As I start to put my thoughts and memories down on paper from these special days, I realise I’m in danger of over using words like iconic, legendary, historic, celebrated, distinguished and illustrious. But for someone who grew up in total adoration of The Beatles (and I know I'm not alone), this was to be a truly unforgettable day.

At 11:45am, Paul’s car pulls up to the studio’s side entrance just seconds after the arrival of Ringo. The pair embrace, and it’s beyond special to see them smiling as they walk through the door of Studio 2. As they drink in their surroundings, it’s clear that the moment is not lost on them. If these walls could talk I think to myself – but actually I am about to get better than the walls talking.

“Man, it’s always such a trip being back here,” says Paul walking through the studio door. “Although we did use to start work a little earlier than midday back then!”

Once inside, standing in the middle of Studio 2 he takes stock: “I always try to resist going wow this is where it all happened man but you can’t. It’s just too trippy.”

Meanwhile, Ringo has now gone up the stairs in the studio to the control room. “Hey Paul, we’re up here,”  he shouts. “We’re not allowed up there: adults only!” Paul shouts back instantly, demonstrating that the Beatle humour is still alive and well.

Paul then makes his way upstairs to a room that will be used as his dressing room today, saying hi to anyone that comes into contact with him. As he walks through a tiny space between the studio’s control room and his dressing room, he stops, his memory jogged. “We recorded a song in this space,” he says. “I was over here, Ringo over there (pointing), John there and George there.”

Pinching myself I remember the Rolling Stone cover interview which ran recently in which Paul talks about ‘Yer Blues’. “We were talking about this tightness, this packed-in-a-tin thing," he had said. “So we got in a little cupboard – a closet that had microphone leads and things, with a drum kit, amps turned to the walls, one mic for John. We did 'Yer Blues' live and it was really good."

And so stood in this tiny space, with this first hand recollection from one of the four people who was actually there, I’m getting these images in my head of the greatest band of all time packed into this space in 1968 rocking out 'Yer Blues'. Wow. Just wow. History!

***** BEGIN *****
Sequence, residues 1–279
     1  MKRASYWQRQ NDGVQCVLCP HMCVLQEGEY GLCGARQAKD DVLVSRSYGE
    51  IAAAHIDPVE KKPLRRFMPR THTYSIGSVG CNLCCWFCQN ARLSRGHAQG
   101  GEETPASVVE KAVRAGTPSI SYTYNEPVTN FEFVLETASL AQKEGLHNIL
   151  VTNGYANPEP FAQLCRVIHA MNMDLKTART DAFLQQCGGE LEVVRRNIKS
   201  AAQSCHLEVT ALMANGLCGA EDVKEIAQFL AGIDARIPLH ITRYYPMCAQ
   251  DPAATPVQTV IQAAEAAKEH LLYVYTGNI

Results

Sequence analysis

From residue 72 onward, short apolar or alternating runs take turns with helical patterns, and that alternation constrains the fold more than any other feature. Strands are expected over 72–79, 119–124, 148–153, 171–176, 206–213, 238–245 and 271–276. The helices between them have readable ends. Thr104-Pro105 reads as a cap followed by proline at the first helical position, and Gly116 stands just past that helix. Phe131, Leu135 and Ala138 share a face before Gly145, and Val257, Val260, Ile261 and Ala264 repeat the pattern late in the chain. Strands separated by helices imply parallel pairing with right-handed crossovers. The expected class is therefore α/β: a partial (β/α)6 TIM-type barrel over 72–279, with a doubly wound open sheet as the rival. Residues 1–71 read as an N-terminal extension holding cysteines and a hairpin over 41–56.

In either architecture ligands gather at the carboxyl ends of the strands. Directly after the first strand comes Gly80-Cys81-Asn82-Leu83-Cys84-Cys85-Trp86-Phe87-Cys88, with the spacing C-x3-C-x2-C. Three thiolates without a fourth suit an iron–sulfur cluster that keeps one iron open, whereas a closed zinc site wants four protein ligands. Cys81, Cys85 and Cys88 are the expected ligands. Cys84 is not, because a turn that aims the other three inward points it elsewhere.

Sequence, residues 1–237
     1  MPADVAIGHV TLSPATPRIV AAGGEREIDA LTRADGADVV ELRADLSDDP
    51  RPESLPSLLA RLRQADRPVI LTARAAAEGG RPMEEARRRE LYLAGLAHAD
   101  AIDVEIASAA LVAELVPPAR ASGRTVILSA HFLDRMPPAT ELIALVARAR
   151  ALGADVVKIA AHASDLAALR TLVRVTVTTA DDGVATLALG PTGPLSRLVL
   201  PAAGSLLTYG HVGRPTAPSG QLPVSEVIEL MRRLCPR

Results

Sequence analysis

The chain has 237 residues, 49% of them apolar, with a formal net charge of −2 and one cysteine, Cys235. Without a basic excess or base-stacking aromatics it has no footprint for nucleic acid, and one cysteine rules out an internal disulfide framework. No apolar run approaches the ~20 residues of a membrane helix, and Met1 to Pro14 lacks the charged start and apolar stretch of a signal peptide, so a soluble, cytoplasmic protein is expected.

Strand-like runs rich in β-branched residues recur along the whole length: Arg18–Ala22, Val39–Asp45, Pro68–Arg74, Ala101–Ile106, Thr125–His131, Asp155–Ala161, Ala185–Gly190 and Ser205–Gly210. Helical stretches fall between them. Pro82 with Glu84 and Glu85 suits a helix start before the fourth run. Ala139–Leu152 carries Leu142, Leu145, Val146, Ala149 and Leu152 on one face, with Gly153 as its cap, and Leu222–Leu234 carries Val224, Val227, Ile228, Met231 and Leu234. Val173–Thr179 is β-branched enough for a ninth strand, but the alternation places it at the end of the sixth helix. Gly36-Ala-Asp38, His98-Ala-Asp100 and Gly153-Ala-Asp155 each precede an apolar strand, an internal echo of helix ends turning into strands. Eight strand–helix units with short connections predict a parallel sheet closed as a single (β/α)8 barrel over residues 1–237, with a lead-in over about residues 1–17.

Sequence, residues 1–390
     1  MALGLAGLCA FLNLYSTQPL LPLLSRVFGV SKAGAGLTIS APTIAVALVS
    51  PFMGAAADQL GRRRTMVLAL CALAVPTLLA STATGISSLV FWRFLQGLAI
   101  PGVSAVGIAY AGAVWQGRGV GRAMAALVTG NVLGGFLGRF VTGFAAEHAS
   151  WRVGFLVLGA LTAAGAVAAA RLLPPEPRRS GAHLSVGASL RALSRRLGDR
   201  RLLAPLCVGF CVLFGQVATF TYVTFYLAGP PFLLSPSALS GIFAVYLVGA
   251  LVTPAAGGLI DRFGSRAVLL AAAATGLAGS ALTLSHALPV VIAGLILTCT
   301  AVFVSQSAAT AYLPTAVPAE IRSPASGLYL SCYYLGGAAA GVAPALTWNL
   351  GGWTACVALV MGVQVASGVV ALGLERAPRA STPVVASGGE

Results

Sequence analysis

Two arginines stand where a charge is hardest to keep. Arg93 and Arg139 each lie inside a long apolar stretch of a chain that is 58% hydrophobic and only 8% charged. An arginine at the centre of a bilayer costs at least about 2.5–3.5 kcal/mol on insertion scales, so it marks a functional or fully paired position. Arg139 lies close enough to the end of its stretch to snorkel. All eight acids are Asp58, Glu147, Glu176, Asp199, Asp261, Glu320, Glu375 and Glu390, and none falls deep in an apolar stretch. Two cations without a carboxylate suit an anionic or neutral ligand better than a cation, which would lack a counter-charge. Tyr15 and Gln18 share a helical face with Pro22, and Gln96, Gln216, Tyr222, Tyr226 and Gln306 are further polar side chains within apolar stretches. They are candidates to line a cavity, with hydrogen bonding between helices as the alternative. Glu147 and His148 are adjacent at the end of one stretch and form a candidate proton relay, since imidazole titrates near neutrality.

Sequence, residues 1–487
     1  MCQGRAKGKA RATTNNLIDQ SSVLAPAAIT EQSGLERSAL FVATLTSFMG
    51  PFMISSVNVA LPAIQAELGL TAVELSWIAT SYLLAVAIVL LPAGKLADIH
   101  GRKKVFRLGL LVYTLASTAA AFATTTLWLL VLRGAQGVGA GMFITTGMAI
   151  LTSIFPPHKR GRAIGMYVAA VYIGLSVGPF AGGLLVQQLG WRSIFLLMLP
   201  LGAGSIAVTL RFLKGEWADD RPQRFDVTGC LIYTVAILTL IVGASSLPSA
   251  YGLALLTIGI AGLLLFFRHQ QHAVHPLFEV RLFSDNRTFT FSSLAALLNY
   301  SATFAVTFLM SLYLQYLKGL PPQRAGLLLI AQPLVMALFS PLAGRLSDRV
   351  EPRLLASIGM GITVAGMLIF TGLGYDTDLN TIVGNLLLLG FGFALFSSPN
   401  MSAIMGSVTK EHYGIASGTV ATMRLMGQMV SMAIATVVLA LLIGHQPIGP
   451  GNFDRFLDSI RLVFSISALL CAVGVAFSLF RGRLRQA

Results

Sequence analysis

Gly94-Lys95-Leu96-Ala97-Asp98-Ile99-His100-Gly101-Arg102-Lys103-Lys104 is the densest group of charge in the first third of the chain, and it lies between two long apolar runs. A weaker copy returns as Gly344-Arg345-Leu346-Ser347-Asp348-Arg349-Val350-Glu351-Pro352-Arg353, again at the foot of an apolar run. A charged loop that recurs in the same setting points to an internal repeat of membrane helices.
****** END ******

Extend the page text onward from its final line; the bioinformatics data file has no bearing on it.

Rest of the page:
Midday, and it’s "call time" for Paul: he’s needed in the studio with Ringo and Ron Howard to start two hours of back-to-back interviews. Taking his seat between Ringo and Ron in front of the TV cameras, Paul looks at Ringo. “Abbey Road! This is cool, baby!” he says as he affectionately puts his hand on his former bandmate’s knee.

The next two hours go by in a flash, and everyone assembled here – the various agents, managers, publicists and general liggers – can’t believe our luck as we listen to some incredible shared memories from Paul and Ringo. It’s incredible to think of their touring world back in the ’60s, especially in contrast to Paul’s current tours. The Beatles pioneered touring on such a huge scale.  Like so many things in their career, no one had ever done what they were doing, and the technology just wasn’t there to support the monumental heights they were reaching. This year alone, Paul has already played to well over a million people in gigantic venues, with the state of the art sound and video equipment meaning that, wherever you are, you have an unbelievable experience and you can enjoy the sound and all the action from the stage. Back then, as you can see from the footage, the audience just can’t believe they are in the presence of The Beatles.  That’s all they need… just to be in the same space!

Back to the interviews. It’s only right too that Paul and Ringo give their exclusive newspaper interview to the Liverpool Echo, and the following morning they appear on the cover with the headline ‘Watching the film is like having our old mates back’.

You can read the full interview HERE

Another of the afternoon’s duties is a Facebook Live chat with broadcaster Edith Bowman at the helm. Paul, Ringo and Ron answer questions from fans all over the world, and then, with interviews concluded, it’s time for Paul to head off. With the promotional work done, the next stop is the red – sorry blue! – carpet the following night.

Thursday September 15th – Leicester Square – World Premiere